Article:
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Facts and fabrication about soviet Russia
Image 36
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Clark, Evans, 1888-1970. Facts and fabrication about soviet Russia - Image 36. 1920. Special Collections, University of Houston Libraries. University of Houston Digital Library. Web. June 7, 2020. https://digital.lib.uh.edu/collection/scpamp/item/1826/show/1761.

Disclaimer: This is a general citation for reference purposes. Please consult the most recent edition of your style manual for the proper formatting of the type of source you are citing. If the date given in the citation does not match the date on the digital item, use the more accurate date below the digital item.

Clark, Evans, 1888-1970. (1920). Facts and fabrication about soviet Russia - Image 36. Socialist and Communist Pamphlets. Special Collections, University of Houston Libraries. Retrieved from https://digital.lib.uh.edu/collection/scpamp/item/1826/show/1761

Disclaimer: This is a general citation for reference purposes. Please consult the most recent edition of your style manual for the proper formatting of the type of source you are citing. If the date given in the citation does not match the date on the digital item, use the more accurate date below the digital item.

Clark, Evans, 1888-1970, Facts and fabrication about soviet Russia - Image 36, 1920, Socialist and Communist Pamphlets, Special Collections, University of Houston Libraries, accessed June 7, 2020, https://digital.lib.uh.edu/collection/scpamp/item/1826/show/1761.

Disclaimer: This is a general citation for reference purposes. Please consult the most recent edition of your style manual for the proper formatting of the type of source you are citing. If the date given in the citation does not match the date on the digital item, use the more accurate date below the digital item.

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Compound Item Description
Title Facts and fabrication about soviet Russia
Creator (LCNAF)
  • Clark, Evans, 1888-1970
Publisher Rand School of Social Science
Place of Creation (TGN)
  • New York
Date 1920
Subject.Topical (LCSH)
  • Communism
Subject.Topical (Local)
  • Politics and government
Subject.Geographic (TGN)
  • Soviet Union
Genre (AAT)
  • pamphlets
Language English
Type (DCMI)
  • Text
Original Item Extent 93 pages; 20 cm.
Original Item Location DK265.C55 1920
Original Item URL http://library.uh.edu/record=b8304542~S11
Original Collection Socialist and Communist Pamphlets
Digital Collection Socialist and Communist Pamphlets
Digital Collection URL http://digital.lib.uh.edu/collection/scpamp
Repository Special Collections, University of Houston Libraries
Repository URL http://libraries.uh.edu/branches/special-collections
Use and Reproduction This item is in the public domain and may be used freely.
File Name index.cpd
Item Description
Title Image 36
Format (IMT)
  • image/jpeg
File Name uhlib_768764_035.jpg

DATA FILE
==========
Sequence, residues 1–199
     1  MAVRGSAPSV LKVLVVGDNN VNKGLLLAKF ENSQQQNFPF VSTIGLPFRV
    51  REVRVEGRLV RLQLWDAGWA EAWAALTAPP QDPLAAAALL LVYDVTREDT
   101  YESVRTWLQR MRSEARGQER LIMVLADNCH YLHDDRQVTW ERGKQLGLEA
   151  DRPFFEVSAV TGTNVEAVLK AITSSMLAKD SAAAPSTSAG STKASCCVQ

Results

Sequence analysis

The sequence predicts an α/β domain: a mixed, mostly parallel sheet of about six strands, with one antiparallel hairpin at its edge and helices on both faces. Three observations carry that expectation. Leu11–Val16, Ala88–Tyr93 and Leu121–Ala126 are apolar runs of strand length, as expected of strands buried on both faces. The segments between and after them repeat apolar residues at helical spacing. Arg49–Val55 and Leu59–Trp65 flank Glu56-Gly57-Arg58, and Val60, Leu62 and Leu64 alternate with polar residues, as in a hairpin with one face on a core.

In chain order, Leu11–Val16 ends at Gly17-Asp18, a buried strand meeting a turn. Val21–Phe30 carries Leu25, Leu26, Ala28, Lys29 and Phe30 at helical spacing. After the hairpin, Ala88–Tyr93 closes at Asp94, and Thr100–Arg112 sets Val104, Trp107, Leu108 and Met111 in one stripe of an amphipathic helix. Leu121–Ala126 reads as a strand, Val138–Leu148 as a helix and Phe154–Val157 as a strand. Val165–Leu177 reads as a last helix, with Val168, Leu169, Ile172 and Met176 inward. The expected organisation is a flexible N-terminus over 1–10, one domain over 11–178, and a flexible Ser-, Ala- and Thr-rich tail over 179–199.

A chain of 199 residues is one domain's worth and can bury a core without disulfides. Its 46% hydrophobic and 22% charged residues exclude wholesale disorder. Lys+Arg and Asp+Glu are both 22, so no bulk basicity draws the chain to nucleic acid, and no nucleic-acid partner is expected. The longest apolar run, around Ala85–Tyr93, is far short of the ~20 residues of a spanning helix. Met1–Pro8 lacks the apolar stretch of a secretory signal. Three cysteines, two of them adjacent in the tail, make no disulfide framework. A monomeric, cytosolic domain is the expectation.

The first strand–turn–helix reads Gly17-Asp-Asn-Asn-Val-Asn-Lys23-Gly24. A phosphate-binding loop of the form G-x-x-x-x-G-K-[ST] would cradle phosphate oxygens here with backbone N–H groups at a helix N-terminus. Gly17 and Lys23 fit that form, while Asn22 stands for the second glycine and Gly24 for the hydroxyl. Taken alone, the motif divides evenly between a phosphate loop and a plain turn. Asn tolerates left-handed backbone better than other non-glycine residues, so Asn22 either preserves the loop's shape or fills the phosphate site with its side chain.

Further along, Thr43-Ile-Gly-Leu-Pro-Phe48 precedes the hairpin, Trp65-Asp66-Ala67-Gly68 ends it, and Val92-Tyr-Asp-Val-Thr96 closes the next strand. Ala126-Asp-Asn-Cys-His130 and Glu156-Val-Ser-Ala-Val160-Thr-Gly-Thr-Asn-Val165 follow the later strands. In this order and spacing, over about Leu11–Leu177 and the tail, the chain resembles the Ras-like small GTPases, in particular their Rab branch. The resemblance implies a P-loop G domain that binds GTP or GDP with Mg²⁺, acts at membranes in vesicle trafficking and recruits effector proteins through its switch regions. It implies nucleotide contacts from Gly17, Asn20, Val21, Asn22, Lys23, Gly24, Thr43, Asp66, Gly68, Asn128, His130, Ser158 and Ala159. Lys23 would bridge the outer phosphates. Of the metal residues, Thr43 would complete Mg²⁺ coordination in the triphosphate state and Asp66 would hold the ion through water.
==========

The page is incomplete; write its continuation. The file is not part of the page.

Transcript Levine, special correspondent of the Chicago Daily News and New York Globe, who was in Russia at the time and who has had the courage to report his observations as he made them. The Soviet government came into power peacefully. It continued to rule peacefully for about five months, during which time no serious counter-revolutionary efforts were made by any one. In the spring of 1918 the Socialist Revolutionists assassinated Uritzky and Volodarsky. This party was the old party of the Terrorists of the Czar's time, of which Spiridonova was one of the leaders. When they used Terroristic methods to seek to overthrow the Soviet government the latter responded by seizing, imprisoning and executing leaders of that party. During the whole period of government terror, almost two years in length, not more than 4,000 persons were executed by the Soviet Government. For example, I examined the records in Moscow for the first three weeks in May, 1919. During that time eighty-five persons were put to death, and nine-tenths of these were killed for civil crimes, such highway robbery, burglary and the like. (N. Y. Globe, March 3, 1920.) THE NATIONALIZATION OF WOMEN—IN AMERICA For weeks the papers were full of the stories of the nationalization of women; the text of decrees were printed purporting to prove that women were public property in Soviet Russia. The Associated Press, in a dispatch from London dated April 15, 1919, went so far as to transmit a long dispatch commenting on the administration of this decree. "The law providing for the nationalization of women in Northeast Russia," it states, "has been suspended in one province as the result of popular outcry" . . . and so on for three-quarters of a column. This whole story of the nationalization of women was so obviously absurd that some of its chief disseminators finally retracted it. The New Europe, the English periodical in which the so-called decrees were originally published, admitted its mistake and made public apology in its issue of March 13, 1919. Even the United States Department of State took pains to deny the tale. In the official press release of February 28, 1919, the Department stated: "The rumor as to the nationalization of women is not true." It is safe to say, however, that out of one hundred people who read the original stories not more than one or two ever saw the denials. The most authoritative and direct evidence about the origin of this canard has come from the pen of one of the most impartial Americans who ever visited Soviet Russia- Oliver M. Sayler. In his book "Russia: White or Red " published in 1919 by Little, Brown & Co. of Boston, Mr. 'Sayler says (p. 183): 34